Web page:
Post-Grunge Classic: “Somebody to Shove”
I’m actually starting to hear some nice words said about these guys here and there, and it’s about damn time. Killer songs with great production and amazing guitar hooks—what’s not to like? I might even have to get Rotting Piñata one of these days.
Post-Grunge Classic: “Molly (16 Candles)”
4. Stone-Temple Pilots
Because they were the first (and arguably the biggest) of the post-grunge bands, they caught a lot of flak from critics that they simply didn’t deserve—lyrics were kind of dumb, but everything else was perfectly in place—great riffs, production, videos—the whole bit. They were just a great singles band, and one of the most overdue bands on this list for a re-evaluation. Stephen Thomas Erlewine agrees, apparently.
Post-Grunge Classic: “Interstate Love Song”
Yes, these guys fell off pretty fast. Razorblade Suitcase was a disappointment to everyone, producing some lousy singles and what is arguably the worst music video ever made (anyone remember “Greedy Fly”?) and they have yet to regain the momentum they had in 1995. But come on: “Comedown”. “Everything Zen”. “Machinehead”. And most of all, “Glycerine”. Lyrics like “we live in a wheel / where everyone steals / and when we rise / it’s like strawberry fields” aren’t going to hold up well to analysis, but for me, that song is the anthem of the post-grunge era.
Post-Grunge Classic: “Glycerine”
2. Goo Goo Dolls
Like Soul Asylum, Goo Goo Dolls existed way before Nirvana broke, but barely anyone cared, so whatever. As far as I care, their existence started with A Boy Named Goo and extended to some of the most emotionally powerful singles of the decade before petering out at the beginning of the 00s. One listen to “Name,” “Naked,” or “Iris,” and I’ll be singing at the top of my lungs, a total emotional wreck. They may or may not have earned this place in my heart, but they’ll have it for all-time.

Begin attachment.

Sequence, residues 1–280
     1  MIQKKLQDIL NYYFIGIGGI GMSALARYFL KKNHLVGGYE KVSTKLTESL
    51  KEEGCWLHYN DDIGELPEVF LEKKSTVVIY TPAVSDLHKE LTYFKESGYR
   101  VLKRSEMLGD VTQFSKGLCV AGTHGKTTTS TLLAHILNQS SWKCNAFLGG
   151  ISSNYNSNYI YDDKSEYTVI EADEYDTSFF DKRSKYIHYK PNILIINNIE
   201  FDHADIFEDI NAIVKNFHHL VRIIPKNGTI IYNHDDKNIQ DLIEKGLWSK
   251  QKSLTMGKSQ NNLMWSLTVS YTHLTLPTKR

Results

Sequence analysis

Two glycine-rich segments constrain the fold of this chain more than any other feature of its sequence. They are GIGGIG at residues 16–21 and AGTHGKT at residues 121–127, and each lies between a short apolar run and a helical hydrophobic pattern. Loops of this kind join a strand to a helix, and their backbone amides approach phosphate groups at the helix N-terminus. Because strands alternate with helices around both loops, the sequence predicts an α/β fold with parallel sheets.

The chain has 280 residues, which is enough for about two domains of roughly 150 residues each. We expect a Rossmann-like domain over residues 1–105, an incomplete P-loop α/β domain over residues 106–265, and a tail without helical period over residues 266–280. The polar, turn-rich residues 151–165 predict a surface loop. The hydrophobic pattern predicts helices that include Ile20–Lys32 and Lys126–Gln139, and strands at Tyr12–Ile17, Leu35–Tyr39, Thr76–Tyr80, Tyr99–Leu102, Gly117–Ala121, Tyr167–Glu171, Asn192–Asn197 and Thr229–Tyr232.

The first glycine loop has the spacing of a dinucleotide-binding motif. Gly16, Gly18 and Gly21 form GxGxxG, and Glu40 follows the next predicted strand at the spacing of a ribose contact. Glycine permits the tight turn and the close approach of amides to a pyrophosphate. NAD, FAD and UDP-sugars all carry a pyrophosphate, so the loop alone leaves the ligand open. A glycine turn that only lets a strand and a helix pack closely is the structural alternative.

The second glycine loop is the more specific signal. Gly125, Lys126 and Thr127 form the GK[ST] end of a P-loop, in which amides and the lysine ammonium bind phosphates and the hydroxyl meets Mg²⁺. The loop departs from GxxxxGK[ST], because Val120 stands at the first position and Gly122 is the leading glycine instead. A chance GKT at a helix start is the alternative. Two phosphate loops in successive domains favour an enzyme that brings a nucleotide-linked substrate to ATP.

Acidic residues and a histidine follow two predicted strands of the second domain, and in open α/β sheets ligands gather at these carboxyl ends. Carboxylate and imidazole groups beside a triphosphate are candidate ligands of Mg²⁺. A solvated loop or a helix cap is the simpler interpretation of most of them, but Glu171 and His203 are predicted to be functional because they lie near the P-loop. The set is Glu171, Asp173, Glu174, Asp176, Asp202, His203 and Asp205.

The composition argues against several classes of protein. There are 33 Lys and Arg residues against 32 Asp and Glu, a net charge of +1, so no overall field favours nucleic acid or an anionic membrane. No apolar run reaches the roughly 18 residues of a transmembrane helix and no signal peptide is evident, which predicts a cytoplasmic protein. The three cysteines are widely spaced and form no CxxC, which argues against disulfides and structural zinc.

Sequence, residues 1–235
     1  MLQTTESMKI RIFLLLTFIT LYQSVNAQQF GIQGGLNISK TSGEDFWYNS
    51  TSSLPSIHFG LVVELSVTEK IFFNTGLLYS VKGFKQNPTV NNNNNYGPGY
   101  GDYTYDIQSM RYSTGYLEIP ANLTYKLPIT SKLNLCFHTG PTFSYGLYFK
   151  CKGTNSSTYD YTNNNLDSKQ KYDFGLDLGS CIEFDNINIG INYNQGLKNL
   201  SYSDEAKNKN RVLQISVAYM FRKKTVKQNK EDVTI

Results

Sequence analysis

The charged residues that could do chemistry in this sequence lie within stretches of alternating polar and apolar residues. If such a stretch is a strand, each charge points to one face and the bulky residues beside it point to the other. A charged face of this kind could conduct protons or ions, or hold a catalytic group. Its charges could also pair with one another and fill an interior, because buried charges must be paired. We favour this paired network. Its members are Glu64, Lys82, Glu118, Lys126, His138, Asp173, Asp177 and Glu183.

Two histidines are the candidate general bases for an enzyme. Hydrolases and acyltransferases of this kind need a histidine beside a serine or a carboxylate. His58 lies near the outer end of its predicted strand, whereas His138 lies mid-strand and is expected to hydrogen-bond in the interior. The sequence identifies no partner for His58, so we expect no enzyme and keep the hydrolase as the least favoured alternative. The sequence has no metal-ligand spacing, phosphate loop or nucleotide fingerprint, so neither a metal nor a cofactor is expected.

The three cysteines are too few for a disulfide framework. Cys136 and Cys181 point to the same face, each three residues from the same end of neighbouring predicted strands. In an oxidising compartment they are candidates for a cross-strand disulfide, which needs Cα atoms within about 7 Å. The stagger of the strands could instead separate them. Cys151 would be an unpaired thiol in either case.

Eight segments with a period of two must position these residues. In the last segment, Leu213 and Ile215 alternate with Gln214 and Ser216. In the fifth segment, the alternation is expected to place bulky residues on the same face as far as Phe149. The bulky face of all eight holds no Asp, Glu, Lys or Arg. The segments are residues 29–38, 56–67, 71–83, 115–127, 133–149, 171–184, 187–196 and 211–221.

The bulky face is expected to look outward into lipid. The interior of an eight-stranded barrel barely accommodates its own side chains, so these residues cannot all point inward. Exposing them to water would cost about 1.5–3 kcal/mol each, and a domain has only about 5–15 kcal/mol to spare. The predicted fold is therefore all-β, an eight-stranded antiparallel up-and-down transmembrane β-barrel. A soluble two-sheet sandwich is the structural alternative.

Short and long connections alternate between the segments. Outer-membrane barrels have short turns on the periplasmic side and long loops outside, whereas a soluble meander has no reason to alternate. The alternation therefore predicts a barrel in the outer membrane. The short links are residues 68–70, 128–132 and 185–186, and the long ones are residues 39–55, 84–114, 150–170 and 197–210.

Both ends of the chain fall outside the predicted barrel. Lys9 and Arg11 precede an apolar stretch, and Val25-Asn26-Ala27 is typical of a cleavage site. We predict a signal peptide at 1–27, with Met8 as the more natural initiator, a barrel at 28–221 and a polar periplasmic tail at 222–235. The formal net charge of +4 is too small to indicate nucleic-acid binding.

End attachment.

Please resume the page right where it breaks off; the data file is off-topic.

Post-Grunge Classic: “Name”
1. Gin Blossoms
Though these guys don’t necessarily come from grunge’s lineage—certainly the power-pop of “Allison Road” and “Til I Hear it From You” could have happened decades earlier—they’d deserve this #1 if only for their obvious post-grunge masterpiece, “Hey Jealousy,” which is simply one of the greatest songs of the modern rock era. Unlike most of the other bands on the list who I will readily admit don’t necessary carry the emotional weight I attach to them, anybody who wants to identify a single flaw in this song has to get through me first. There aren’t any—almost every line is a classic, the chorus sounding like lead singer Doug Hopkins is singing the most important thing he has ever said to anyone, the riffs are golden and perfect, and the end is absolutely devestating. Even the title is great. This is one of rock’s great glory shots, and it deservedly brought the Gin Blossoms to post-grunge fame, along with further classics “Found Out About You,” “Lost Horizons” and “Follow You Down”. And still no one understands why New Miserable Experience was worthy of a two-disc deluxe edition re-issue. The fools.
Post-Grunge Classic: “Hey Jealousy”